Rubén Castilla Herrera was the first interview conducted for ¡Dímelo, Columbus! We met in September, the week following the Tyre King shooting. He has long been involved with many social justice issues in Columbus, Ohio – advocating for the Black Lives Matter movement, for migrant workers, immigrant rights, and refugees. Our conversation focused on the importance of recognition and understanding as well as the power of difference.
In the second grade, Castilla Herrera moved from Seguin, Texas to the Pacific Northwest. Oregon drew his family north with the promise of work in its verdant fields, specifically Castilla Herrera remembers picking broccoli. He recalls how sharpened knives used to harvest pierced and nicked his hands, and how one’s body pruned after countless hours spent wearing rubber coveralls and clothes saturated with moisture.
Castilla Herrera completed college in Salem, Oregon at Willamette University. He moved to Delaware, Ohio to attend the Methodist Theological School nearly twenty years ago. Now, Castilla Herrera resides on the West Side of Columbus where he remains active in community organizing. These excerpts from our conversation beg for awareness of the hands providing the goods we consume.
“Food is a constant reminder:”
🎧 Listen (3:37)
“I was born in Texas, I was a migrant farmworker… We left Texas when I was seven, I was in the second grade… We stayed as migrant farmworkers in Oregon, the Willamette Valley there, it’s rich in farm products… I think it was an adventure for me, because I was a kid, right? So mountains and snow and clear water.”
“Food is a constant reminder. A couple days ago we had some friends over and he brought a broccoli and we were gonna put it in the oven… As I was cutting it, I told him ‘I used to pick broccoli when I was a kid, it was the worst job because it grew as a big plant and you had to have this knife that you’d sometimes get cut with… and then the leaves… The leaves hold water… You would get wet, when your hands wrinkle, that’s the way your body would be at the end of the day…’ So I get reminded a lot, especially with those products that are picked, but most products are picked… So anytime I go grocery shopping or eat, I always ask myself ‘I wonder who picked this?'”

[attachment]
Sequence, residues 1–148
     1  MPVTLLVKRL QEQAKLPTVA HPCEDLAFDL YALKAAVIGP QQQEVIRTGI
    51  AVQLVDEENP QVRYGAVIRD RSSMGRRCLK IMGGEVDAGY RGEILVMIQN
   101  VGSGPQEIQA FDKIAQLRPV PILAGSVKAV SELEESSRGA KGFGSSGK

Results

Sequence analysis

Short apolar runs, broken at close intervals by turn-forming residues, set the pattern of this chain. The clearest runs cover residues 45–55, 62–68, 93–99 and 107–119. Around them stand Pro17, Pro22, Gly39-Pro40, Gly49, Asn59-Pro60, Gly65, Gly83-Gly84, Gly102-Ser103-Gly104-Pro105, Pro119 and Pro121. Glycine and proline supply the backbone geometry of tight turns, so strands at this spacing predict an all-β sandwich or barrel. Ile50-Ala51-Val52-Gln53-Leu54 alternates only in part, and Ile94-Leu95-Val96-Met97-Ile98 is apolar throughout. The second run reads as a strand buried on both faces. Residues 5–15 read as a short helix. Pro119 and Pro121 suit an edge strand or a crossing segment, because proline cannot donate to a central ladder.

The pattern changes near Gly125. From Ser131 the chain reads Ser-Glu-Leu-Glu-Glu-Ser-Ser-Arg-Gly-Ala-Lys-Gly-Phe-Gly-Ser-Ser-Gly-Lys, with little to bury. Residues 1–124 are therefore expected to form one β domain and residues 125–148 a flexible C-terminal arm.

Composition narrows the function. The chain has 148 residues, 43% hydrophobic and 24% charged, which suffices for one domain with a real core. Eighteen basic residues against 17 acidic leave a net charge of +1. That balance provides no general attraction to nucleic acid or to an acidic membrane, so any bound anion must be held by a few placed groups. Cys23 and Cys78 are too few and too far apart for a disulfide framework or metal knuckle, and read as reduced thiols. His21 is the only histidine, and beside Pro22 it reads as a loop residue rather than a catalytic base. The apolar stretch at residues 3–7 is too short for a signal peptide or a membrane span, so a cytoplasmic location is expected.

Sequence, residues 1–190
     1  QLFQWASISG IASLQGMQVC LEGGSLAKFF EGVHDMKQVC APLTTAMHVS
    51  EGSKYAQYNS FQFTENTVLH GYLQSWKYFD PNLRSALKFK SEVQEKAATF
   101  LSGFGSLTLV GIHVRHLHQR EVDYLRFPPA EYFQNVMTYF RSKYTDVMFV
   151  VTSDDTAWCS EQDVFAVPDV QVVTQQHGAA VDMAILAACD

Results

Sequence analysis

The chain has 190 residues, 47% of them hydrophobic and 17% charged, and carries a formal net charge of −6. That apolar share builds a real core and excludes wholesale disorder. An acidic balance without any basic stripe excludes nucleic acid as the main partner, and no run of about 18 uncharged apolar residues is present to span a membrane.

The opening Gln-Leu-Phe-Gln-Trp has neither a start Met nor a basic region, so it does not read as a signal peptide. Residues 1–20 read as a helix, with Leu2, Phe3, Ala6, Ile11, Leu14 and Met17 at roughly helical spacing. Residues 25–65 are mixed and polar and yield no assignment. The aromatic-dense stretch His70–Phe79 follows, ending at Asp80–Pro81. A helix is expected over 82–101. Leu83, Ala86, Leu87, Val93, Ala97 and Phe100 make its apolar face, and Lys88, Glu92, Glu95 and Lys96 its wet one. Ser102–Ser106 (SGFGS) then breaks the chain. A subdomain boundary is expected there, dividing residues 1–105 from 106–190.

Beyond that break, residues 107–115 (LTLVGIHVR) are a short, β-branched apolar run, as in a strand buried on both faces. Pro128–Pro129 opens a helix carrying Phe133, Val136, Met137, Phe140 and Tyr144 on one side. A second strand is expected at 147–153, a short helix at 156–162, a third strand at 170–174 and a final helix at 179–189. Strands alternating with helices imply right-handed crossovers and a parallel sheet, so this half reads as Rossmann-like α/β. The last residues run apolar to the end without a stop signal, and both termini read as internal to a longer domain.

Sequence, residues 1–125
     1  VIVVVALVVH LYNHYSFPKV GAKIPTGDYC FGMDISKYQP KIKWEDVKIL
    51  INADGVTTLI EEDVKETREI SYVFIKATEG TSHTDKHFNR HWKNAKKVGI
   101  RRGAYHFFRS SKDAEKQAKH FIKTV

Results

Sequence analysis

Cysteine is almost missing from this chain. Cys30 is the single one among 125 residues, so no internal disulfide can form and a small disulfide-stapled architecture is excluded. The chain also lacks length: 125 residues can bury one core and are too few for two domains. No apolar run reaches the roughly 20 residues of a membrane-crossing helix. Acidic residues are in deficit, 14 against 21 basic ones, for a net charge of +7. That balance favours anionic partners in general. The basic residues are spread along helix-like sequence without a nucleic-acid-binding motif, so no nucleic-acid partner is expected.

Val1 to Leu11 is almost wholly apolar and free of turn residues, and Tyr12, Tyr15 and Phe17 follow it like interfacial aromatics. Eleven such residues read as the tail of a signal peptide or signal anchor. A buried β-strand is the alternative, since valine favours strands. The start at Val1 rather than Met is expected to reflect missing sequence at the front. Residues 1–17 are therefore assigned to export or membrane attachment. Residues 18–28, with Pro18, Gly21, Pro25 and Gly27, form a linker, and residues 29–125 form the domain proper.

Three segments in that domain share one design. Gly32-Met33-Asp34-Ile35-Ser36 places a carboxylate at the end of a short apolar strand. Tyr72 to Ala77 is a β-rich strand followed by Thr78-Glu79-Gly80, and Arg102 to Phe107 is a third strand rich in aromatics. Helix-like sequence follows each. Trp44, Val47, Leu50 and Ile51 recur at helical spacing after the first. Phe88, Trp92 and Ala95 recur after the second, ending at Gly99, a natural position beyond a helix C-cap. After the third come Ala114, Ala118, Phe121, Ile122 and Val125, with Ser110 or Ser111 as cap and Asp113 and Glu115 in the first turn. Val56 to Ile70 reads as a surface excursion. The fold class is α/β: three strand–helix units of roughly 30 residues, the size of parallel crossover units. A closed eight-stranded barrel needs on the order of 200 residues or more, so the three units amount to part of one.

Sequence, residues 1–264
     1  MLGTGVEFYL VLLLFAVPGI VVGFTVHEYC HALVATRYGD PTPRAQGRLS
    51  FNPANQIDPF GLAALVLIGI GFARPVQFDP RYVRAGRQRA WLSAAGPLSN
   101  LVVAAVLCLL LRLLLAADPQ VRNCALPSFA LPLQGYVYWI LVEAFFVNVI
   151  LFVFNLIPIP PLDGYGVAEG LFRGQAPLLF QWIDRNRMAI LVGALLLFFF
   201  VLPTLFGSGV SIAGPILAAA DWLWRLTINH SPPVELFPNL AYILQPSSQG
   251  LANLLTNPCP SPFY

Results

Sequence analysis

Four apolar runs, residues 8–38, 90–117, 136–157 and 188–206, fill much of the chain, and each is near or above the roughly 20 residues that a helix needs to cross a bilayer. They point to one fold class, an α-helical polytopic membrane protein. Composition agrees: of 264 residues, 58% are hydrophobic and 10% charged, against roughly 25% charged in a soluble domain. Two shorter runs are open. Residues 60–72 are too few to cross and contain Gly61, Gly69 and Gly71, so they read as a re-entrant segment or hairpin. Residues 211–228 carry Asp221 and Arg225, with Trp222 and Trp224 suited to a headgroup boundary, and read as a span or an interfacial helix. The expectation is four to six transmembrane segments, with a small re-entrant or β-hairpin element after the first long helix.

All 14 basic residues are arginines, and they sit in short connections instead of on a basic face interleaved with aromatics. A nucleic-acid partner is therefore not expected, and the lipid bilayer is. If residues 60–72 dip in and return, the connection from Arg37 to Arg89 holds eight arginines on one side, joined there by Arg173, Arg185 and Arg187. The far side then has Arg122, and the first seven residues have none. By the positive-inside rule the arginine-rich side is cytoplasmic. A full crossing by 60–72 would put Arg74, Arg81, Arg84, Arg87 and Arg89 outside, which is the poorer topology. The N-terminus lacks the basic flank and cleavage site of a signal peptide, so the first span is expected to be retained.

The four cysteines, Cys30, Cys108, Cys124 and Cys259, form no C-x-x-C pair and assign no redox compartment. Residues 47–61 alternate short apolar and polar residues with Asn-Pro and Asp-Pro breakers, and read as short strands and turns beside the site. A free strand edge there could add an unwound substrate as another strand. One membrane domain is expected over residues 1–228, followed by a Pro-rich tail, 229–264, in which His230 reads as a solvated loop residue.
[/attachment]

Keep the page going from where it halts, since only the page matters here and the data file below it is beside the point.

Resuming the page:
The three parts of Latino identity – culture, faith, family:
🎧 Listen (5:37)
“I think Hispanics, Latinos, there’s three things that we’re based on – or our identity [is based on]. One is our culture. And that could be language, certainly food. The other is our faith, you know historically they say Christian or Catholic, but not all. But of faith, and the last one would be family or familia, no?”
“When I came here, I was looking for somewhere to buy what I was used to eating. I thought surely, I’ll drive to Columbus and I’ll hear people or find a Mexican restaurant or hear people [speaking Spanish]… This was in ’87 and there was nothing.”
Making a Columbus community:
🎧 Listen (1:53)
“The city of Columbus has this logo now that’s ‘us;’ like Columb-‘us.’ If you double click on that Columb-‘us,’ it’s not only what you see, what that logo’s really about the development of people in restaurants and having a good time, [but it’s also] about the refugees and immigrants… It’s a fine low concept, but I would like people to double click on that ‘us’ and really see what we’re about and the struggles we have still… When we start seeing that authentically, not just from the top down, that’s when we become a community.”
Unless otherwise noted, all photos and text are copyrighted to Leticia Wiggins. Music for introduction & interlude by The Original Soundtrack (thanks, guys!).